Lying Less Makes You Healthier

Anne-Marie Guarnieri, Allure magazine

How many lies do you think you tell in a week? Go on, guess. And don't say "None," because that right there is a lie, sister. Turns out the average American tells 11 lies a week, according to new research from University of Notre Dame professor Anita Kelly. Another discovery: Reducing the number of lies you tell can significantly improve both your mental and physical health.

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According to a report from Science Daily, during a 10-week experiment, Kelly directed half of the 110 participants to stop lying, completely. No, "I really like your haircut!" No, "Those pants don't make your butt look big!" No lies, big or small.

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Over the course of the experiment, the 55 sooth-sayers all reported feeling less tense and sad, and they also had fewer physical complaints, like headaches and sore throats, than the 55 lying-liars. And by the end of the 10 weeks, the non-liars reported that their personal relationships seemed to improve, as well. "Statistical analyses showed that this improvement in relationships significantly accounted for the improvement in health that was associated with less lying," said study co-author Lijuan Wang.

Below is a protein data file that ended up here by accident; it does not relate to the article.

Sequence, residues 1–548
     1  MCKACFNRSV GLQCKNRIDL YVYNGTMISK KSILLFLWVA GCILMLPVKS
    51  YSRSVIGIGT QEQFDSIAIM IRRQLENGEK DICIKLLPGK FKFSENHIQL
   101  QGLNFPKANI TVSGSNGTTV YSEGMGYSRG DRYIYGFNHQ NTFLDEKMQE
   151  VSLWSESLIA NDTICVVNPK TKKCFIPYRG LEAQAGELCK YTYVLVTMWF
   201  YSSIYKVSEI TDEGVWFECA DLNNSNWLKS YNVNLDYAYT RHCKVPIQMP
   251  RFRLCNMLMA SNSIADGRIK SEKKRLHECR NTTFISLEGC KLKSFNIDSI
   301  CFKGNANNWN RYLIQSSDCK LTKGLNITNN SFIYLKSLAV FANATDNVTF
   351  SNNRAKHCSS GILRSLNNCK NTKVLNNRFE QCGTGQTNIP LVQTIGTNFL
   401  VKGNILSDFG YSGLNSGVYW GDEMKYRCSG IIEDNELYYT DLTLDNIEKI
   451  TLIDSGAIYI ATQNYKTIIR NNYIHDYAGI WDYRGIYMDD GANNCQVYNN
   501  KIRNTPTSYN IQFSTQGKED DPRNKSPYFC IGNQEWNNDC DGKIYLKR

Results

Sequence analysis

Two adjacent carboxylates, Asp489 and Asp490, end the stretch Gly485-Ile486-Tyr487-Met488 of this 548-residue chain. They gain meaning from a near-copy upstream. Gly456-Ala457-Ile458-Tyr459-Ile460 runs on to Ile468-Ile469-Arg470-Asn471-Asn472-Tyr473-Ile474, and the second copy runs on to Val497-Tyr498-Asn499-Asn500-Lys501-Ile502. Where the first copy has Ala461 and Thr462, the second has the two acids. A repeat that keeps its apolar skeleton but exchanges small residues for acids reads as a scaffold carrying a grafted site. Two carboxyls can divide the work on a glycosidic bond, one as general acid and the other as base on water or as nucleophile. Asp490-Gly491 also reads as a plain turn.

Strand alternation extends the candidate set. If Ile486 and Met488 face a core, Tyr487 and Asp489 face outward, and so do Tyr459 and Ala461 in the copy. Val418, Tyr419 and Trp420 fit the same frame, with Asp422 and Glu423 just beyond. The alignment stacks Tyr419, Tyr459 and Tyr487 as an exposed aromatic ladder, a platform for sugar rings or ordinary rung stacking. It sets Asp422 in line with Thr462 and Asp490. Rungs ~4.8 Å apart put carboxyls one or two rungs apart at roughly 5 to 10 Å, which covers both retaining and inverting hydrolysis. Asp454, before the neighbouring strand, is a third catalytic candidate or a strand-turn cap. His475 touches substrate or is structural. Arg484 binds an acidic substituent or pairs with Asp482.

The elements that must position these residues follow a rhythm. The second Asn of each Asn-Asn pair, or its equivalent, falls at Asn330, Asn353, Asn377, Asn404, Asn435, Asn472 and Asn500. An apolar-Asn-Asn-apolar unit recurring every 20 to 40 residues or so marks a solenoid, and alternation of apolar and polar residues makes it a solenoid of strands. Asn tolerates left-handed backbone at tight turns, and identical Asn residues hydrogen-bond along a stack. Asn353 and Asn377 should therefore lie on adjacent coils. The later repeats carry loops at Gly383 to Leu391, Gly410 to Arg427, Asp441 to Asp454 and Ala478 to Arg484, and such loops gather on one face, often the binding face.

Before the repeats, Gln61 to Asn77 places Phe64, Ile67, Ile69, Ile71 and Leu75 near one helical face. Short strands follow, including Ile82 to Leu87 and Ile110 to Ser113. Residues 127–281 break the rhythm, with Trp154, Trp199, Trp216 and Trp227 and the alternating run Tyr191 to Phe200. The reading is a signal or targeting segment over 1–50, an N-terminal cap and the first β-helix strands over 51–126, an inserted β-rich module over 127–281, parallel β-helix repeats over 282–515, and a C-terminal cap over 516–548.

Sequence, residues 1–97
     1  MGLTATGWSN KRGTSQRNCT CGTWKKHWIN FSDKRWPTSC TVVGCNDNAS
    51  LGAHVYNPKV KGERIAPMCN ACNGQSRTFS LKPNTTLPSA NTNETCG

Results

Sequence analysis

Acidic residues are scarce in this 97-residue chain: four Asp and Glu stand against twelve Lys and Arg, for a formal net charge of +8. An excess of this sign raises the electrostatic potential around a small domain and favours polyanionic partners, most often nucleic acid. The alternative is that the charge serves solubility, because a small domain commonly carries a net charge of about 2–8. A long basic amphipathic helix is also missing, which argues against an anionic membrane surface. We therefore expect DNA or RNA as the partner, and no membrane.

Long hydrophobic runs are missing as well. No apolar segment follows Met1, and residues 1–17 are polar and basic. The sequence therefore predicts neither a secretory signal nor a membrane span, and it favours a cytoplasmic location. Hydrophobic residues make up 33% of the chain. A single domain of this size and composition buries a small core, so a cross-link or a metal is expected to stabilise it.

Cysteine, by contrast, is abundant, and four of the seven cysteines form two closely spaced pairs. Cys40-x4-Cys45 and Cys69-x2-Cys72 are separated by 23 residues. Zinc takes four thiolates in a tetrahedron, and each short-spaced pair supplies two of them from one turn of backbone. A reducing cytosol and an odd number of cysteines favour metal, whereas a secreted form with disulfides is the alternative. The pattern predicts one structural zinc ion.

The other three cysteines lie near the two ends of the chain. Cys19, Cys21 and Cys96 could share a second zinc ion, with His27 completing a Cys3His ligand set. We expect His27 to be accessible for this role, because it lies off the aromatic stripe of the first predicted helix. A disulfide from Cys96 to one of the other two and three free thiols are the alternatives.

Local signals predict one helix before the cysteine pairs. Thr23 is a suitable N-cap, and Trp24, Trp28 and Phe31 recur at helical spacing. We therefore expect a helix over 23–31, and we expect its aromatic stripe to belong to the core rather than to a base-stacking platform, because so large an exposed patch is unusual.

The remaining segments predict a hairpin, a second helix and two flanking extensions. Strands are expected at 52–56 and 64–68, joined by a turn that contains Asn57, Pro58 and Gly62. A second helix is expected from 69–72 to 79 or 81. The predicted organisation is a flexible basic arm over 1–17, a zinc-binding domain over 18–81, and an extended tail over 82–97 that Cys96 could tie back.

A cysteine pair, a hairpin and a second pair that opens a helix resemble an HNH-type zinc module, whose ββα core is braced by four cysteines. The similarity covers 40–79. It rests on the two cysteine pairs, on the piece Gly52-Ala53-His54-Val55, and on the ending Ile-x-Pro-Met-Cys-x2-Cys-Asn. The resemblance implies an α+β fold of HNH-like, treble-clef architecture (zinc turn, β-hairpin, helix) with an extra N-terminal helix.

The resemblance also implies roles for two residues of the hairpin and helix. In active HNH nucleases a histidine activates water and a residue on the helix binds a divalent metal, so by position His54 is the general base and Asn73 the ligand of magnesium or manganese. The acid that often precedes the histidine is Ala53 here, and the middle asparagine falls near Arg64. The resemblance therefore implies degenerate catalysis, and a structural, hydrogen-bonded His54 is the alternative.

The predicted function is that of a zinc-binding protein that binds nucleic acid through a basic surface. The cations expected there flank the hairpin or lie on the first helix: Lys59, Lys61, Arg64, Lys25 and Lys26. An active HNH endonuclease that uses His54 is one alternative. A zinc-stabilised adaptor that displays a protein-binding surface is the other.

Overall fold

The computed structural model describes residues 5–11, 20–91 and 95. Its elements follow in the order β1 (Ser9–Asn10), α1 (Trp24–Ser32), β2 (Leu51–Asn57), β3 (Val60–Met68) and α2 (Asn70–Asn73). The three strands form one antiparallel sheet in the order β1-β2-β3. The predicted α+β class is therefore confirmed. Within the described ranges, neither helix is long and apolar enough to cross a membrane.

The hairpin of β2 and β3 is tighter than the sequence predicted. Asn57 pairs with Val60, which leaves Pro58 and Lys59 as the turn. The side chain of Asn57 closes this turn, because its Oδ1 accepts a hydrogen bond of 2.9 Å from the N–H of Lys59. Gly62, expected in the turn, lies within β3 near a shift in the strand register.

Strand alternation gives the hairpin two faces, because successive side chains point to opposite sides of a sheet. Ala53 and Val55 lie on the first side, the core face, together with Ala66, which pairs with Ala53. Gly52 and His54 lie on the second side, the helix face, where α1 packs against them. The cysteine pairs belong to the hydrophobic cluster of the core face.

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So: honesty! Turns out it's not only the best policy, but the healthiest and the happiest, too.

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